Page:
Feminism | Posted by Paulina P on 05/23/2014
Don’t Blame Girls for Their Own Sexualization
I was over the moon when I was able to attend to the Women in the World Summit this year, thanks to my best friend generously giving me her ticket. It was was awe-inspiring and powerful day. I felt like I was watching history being made while sitting in Lincoln Center with so many women who had and are making history. The entire day was constructed in a way that highlighted so many accomplishments, and I felt like I could achieve anything; I was ready to leave that conference and change the world. But this all came to a screeching halt when the discussion turned to the sexualization of women in the media.
Here are a couple quotes from the panel that sent my head spinning:
“I don’t understand why …
Feminism | Posted by Louisa G on 05/21/2014
Why We Need To Stop Romanticizing Mental Illness Amongst Teen Girls
I realized recently that my generation has a strange fascination with the perception of mental illness, especially as it relates to teenage girls. I’ve noticed young women posting many quotes about mental illness on their Instagrams and Tumblrs — the sadder, the better, it seems. I think this increasing fascination with and performance of depression may stem from the media through the likes of movies and books where “broken” girls are seemingly put back together by the undying love of a man. This goes further than the typical boy-meets-girl cliché of an 80s movie and delves into the fantasy that someone with severe depression can be simply “fixed” by the right guy.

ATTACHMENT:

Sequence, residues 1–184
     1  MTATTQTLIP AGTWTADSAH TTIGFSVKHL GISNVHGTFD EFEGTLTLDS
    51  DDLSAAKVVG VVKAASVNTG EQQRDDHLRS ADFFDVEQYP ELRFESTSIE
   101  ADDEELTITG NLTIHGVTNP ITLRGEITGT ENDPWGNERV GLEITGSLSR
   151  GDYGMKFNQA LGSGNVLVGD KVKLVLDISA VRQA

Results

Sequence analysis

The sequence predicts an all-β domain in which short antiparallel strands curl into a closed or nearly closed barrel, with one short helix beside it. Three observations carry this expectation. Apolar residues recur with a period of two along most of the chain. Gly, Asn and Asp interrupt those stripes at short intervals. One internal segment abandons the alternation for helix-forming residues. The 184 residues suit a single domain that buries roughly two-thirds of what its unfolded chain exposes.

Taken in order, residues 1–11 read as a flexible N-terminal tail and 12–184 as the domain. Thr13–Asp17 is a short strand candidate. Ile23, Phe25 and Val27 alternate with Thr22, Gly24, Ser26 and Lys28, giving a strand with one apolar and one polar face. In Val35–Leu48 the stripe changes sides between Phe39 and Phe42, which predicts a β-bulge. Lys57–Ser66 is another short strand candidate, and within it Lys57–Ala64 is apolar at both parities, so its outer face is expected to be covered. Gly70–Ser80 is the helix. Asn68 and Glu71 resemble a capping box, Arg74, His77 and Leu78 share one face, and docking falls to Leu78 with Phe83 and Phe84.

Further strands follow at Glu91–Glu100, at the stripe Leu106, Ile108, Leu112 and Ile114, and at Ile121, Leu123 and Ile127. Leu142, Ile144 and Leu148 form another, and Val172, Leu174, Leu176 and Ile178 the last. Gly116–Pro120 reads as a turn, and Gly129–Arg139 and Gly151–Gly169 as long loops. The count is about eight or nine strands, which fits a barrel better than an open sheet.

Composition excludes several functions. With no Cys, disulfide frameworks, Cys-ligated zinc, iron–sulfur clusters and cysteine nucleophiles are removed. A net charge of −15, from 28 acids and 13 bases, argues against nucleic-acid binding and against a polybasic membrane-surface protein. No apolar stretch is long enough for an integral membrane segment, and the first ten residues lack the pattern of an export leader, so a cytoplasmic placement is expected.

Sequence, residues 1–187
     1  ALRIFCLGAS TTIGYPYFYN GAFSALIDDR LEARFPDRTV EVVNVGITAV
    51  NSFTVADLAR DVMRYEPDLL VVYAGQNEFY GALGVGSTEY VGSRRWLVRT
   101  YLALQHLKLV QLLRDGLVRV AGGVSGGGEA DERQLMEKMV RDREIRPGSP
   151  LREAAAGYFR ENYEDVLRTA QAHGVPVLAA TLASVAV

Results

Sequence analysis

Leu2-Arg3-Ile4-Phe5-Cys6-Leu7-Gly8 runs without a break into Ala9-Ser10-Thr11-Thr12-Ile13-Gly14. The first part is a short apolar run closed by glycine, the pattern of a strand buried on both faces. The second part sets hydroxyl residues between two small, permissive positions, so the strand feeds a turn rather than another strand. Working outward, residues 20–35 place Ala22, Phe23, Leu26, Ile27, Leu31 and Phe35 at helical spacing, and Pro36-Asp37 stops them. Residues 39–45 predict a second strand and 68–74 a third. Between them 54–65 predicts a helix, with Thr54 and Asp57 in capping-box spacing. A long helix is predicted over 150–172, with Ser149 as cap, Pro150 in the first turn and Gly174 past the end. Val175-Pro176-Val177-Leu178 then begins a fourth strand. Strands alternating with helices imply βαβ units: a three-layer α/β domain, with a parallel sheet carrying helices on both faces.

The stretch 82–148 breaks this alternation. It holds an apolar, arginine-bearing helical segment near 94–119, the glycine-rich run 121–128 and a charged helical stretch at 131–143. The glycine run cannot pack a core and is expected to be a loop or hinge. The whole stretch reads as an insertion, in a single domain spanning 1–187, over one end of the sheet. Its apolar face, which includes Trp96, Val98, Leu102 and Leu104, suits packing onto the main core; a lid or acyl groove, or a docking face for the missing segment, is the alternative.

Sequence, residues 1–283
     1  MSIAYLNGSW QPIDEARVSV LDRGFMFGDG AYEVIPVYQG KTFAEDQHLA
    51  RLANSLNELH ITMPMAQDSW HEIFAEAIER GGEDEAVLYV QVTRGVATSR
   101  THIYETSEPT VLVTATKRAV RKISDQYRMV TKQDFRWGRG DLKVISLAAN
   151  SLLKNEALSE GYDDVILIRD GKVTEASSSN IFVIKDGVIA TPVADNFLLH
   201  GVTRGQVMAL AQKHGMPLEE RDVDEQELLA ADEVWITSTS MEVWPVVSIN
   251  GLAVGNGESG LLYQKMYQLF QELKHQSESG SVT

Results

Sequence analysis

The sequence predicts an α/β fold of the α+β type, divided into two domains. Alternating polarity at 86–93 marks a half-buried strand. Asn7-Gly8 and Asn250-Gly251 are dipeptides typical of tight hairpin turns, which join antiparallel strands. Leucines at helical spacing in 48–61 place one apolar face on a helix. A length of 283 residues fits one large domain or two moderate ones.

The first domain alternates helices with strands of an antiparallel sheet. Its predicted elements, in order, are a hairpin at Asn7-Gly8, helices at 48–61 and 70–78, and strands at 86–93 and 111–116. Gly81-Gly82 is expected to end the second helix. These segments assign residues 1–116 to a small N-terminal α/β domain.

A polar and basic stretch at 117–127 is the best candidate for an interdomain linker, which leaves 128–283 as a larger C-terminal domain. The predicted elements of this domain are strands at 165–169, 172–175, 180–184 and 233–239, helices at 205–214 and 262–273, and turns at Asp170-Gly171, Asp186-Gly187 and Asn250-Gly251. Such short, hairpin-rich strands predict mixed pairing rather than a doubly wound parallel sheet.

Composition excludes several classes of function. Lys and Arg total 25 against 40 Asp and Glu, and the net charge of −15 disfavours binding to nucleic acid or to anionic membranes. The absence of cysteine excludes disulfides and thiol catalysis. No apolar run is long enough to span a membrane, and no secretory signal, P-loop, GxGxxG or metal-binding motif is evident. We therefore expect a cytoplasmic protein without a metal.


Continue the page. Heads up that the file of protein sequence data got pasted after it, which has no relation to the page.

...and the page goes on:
The infatuation people have with making mental illness something that can be seen as beautiful and even romantic …